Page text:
Not sure what that plant is? Portable genome sequencer tells you quickly from the field

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In the United Kingdom, researchers conducted genome sequencing for the first time ever in actual fields. Researchers used the MinION from Oxford Nanopore Technologies to sequence plants in Snowdonia National Park and demonstrate that they can read the DNA sequence of any organism quickly and anywhere. As reported in NUU in June, researchers held a class to teach fellow researchers about the MinION portable genome sequencer and predicted it would be used by consumers within five years.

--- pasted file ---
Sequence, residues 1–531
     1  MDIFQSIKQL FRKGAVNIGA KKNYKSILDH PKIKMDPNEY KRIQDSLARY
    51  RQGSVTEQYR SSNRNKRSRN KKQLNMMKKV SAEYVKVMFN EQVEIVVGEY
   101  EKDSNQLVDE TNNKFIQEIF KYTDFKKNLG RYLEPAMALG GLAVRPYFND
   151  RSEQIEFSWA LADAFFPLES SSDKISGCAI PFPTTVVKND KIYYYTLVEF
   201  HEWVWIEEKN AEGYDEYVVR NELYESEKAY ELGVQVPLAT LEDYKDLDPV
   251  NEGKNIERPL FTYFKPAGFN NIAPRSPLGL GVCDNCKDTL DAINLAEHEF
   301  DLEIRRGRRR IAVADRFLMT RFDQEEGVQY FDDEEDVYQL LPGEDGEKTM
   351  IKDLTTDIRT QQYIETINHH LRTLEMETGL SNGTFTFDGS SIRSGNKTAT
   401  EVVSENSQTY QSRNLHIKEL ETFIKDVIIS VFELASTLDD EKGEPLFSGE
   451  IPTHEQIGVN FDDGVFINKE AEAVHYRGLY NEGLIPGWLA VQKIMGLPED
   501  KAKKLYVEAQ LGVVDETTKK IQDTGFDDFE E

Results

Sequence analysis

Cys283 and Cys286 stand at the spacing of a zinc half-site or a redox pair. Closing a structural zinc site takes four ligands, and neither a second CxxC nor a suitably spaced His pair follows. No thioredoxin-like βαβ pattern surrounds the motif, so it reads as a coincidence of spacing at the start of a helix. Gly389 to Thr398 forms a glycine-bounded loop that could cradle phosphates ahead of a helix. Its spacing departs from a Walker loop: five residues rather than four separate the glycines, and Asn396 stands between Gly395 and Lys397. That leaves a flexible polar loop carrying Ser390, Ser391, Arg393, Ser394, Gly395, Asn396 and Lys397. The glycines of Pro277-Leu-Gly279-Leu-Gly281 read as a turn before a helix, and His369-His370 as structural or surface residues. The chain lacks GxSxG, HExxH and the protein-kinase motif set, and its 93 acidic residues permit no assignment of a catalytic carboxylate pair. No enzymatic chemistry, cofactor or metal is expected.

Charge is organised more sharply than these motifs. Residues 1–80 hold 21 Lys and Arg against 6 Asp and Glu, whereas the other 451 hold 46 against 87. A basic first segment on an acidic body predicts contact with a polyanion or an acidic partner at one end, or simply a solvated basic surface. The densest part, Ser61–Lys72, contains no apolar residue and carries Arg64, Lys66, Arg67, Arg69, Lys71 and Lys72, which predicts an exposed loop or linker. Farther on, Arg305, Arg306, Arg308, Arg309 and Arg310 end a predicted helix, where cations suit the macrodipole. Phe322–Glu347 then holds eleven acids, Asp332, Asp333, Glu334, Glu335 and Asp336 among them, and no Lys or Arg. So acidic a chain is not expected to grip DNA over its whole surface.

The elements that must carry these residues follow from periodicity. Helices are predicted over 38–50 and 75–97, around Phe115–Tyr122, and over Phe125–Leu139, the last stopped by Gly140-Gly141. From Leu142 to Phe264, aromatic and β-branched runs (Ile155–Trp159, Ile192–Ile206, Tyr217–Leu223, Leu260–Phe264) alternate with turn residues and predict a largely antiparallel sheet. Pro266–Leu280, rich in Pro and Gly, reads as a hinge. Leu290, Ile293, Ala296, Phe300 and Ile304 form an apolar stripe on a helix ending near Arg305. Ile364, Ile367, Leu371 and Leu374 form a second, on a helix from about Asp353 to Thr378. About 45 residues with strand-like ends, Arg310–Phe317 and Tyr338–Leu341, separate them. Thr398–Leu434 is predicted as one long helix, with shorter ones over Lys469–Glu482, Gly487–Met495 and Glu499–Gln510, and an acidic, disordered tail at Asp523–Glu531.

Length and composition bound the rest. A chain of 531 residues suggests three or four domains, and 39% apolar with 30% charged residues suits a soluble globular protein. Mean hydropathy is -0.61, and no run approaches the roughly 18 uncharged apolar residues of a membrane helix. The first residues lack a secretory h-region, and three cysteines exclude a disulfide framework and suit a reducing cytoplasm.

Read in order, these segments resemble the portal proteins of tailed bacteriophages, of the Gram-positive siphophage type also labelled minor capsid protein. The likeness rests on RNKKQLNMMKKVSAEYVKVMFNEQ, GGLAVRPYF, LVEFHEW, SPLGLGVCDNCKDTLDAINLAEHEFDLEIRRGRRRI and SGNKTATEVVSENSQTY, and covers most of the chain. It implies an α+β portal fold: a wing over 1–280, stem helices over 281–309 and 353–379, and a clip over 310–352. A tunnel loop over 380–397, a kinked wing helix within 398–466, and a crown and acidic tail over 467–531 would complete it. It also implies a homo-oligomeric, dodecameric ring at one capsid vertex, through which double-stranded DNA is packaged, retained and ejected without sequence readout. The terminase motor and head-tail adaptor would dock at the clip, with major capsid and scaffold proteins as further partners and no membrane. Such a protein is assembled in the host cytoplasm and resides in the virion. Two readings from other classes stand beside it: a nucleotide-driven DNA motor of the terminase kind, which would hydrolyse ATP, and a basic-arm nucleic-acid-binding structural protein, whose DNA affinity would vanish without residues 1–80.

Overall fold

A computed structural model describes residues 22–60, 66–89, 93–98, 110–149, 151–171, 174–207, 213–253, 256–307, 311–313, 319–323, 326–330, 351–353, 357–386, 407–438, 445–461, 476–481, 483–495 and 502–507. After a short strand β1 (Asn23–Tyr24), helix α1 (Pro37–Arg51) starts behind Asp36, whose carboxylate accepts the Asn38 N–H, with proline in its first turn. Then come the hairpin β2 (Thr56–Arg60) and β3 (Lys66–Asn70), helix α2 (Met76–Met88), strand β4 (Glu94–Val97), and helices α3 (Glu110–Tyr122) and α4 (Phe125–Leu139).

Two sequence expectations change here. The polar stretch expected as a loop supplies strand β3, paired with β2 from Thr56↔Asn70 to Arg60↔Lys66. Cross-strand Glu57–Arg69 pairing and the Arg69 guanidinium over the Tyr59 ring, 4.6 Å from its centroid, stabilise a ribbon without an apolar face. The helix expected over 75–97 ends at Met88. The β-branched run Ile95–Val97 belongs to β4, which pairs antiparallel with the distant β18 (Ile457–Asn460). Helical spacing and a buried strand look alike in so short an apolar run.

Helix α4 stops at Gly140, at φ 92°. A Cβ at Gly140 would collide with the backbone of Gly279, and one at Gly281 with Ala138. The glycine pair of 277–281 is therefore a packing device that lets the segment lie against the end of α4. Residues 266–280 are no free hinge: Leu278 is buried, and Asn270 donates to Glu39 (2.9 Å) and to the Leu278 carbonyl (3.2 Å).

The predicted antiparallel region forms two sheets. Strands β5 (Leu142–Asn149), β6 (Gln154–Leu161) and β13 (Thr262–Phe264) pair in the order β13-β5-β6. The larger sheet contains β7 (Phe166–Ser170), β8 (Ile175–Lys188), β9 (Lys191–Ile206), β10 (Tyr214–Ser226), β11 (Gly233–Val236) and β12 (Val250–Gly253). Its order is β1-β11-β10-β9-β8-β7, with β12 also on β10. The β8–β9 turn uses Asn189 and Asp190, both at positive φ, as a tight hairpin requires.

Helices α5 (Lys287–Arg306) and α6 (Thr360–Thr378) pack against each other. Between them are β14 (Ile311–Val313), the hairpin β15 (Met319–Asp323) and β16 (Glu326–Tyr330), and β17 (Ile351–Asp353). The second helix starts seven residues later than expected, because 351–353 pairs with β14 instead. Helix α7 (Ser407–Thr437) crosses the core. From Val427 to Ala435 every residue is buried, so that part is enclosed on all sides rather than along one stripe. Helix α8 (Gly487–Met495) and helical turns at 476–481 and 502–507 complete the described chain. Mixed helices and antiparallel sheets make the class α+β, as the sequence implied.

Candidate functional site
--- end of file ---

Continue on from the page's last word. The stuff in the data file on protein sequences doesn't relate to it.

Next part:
Up until now, species identification by genome sequencing could take months, but the new technology allows users to identify species fast and in the field. The key to their speed is not sequencing every little bit of DNA but sequencing random genome pieces and comparing it to a free database of reference genome sequences. Instead of months, it only took a few hours after collecting the plant specimen to get the results, which had high levels of accuracy compared to the traditional genome sequencing methods.